The hunter of the title is Ernest Hemingway, the American author who’s celebrated for his larger-than-life exploits as much as he is for his novels. As a journalist, he was famously in the thick of the Spanish Civil War, while as an 18-year-old he was injured on the front line of World War I. He lived in Paris, in Florida, and controversially in Cuba; he was fascinated by bullfighting, and by hunting and fishing too. But now we find Hemingway at home, surrounded by props calling out the elements of his public persona. There’s a tiger’s head, a typewriter… and a gun.
It soon becomes clear that, on the day we meet him, it’s Hemingway who’s the hunted one. Alone on the stage, actor Edmund Dehn prowls round the set in the style of a caged animal, lamenting the decline in both his writing and his health. Paranoia has set in - the result, perhaps, of the electric-shock therapy Hemingway received in later life - and he’s convinced that everyone, from his wife to the local sheriff to the FBI, is involved in a plot to entrap him. It’s left ambiguous whether there’s any truth at all to this, but it’s still sad to see a once-great man shouting at the air.
The script Dehn’s performing has a complex history: penned by Rolf Hochhuth almost 40 years ago, now translated from the German by Peter Sutton and further adapted by Peter Thiers. The resulting first half meanders a little and, for a while, I worried we were in for a formless biography. Before long, though, the focus narrows, and the fictionalised Hemingway begins to develop a fascinating perspective on what drove his celebrated escapades. He’s written his own life narrative, with himself as the hero - but the truth is sometimes uglier than the story he’s told.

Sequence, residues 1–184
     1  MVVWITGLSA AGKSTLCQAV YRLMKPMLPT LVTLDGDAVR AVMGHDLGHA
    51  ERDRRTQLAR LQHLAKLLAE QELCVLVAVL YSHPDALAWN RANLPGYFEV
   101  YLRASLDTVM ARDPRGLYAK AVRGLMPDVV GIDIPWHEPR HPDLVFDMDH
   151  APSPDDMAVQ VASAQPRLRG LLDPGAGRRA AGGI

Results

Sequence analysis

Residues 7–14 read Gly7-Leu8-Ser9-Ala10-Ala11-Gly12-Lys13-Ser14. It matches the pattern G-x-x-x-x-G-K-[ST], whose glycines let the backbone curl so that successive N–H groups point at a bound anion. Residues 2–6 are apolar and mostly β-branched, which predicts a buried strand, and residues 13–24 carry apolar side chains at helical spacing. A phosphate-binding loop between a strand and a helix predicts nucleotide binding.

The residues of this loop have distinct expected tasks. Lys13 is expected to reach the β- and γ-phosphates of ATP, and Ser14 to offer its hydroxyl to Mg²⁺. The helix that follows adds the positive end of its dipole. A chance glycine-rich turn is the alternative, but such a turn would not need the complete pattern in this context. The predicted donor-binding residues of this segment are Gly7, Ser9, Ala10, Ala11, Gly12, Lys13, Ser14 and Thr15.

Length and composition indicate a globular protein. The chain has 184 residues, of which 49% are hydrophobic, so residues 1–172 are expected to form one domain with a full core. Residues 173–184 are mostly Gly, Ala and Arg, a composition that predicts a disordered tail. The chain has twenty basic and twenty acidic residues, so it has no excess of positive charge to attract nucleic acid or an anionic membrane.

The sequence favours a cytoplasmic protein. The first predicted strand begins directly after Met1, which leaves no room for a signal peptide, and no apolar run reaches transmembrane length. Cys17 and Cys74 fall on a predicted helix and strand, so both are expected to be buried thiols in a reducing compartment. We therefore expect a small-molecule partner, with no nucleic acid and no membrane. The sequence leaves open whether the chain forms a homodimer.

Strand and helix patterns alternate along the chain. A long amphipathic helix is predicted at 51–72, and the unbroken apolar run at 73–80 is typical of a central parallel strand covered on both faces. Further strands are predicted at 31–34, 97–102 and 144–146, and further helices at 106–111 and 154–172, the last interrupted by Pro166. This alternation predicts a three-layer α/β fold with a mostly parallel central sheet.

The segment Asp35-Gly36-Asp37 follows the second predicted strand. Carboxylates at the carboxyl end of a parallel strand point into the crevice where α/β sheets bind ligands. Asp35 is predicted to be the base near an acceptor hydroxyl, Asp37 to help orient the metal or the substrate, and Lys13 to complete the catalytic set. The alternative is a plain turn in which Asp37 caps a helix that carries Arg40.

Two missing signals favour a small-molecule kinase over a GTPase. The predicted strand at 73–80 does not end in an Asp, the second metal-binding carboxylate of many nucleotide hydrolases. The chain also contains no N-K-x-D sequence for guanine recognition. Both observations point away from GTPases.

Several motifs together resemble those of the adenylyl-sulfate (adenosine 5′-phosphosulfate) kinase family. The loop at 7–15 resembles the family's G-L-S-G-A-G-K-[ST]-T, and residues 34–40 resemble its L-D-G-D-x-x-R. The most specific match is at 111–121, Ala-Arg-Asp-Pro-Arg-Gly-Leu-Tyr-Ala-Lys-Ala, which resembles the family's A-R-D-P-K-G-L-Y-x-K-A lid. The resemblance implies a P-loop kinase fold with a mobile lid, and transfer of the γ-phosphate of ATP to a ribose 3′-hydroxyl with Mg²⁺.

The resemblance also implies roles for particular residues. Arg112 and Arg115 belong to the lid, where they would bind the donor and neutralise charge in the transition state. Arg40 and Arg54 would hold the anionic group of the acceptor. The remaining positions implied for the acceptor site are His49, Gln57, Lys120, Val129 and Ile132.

Dehn is convincing as Hemingway, portraying a memorable and often-poignant combination of vulnerability and defiance. He has a commanding presence, and carried my interest equally well through the more expansive and more introspective scenes. There’s some interaction with a tape recorder later on which I didn’t entirely understand, but which serves to punctuate the monologue and offer Dehn a foil; in the end, the picture of a proud man facing terrible self-realisation is both painful and fascinating to watch.
A few things didn’t quite gel for me. The early part of the script touches on the details of Hemingway’s four marriages, and there’s a hint of misogyny in his bitter recriminations towards some of the women in his life. But that thought is quickly left hanging; better not to open this particular box, I’d say, unless you’re have the time to properly delve into it. There’s also a bizarrely underwhelming war scene and, conversely, one or two moments when the performance felt too dialled-up for the relatively intimate space it’s appearing in.
But overall I recommend Death of a Hunter, both for a performance that’s easy to get on board with and for its insight into what makes men like Hemingway tick. By homing in on a particular slice of the author’s psychology, the script transcends his individual history; you might recognise yourself in the narrative, or learn something about someone you know. Whatever happens, it’s an enjoyable and skilfully-presented hour.